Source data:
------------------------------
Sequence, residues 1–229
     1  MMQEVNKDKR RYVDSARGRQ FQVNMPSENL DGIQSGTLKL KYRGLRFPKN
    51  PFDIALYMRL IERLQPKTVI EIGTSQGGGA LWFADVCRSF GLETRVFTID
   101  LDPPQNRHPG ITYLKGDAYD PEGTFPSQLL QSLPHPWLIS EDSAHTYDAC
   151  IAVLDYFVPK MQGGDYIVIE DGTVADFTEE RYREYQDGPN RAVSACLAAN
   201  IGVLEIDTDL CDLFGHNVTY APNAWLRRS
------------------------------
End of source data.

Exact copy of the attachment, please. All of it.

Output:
Sequence, residues 1–229
     1  MMQEVNKDKR RYVDSARGRQ FQVNMPSENL DGIQSGTLKL KYRGLRFPKN
    51  PFDIALYMRL IERLQPKTVI EIGTSQGGGA LWFADVCRSF GLETRVFTID
   101  LDPPQNRHPG ITYLKGDAYD PEGTFPSQLL QSLPHPWLIS EDSAHTYDAC
   151  IAVLDYFVPK MQGGDYIVIE DGTVADFTEE RYREYQDGPN RAVSACLAAN
   201  IGVLEIDTDL CDLFGHNVTY APNAWLRRS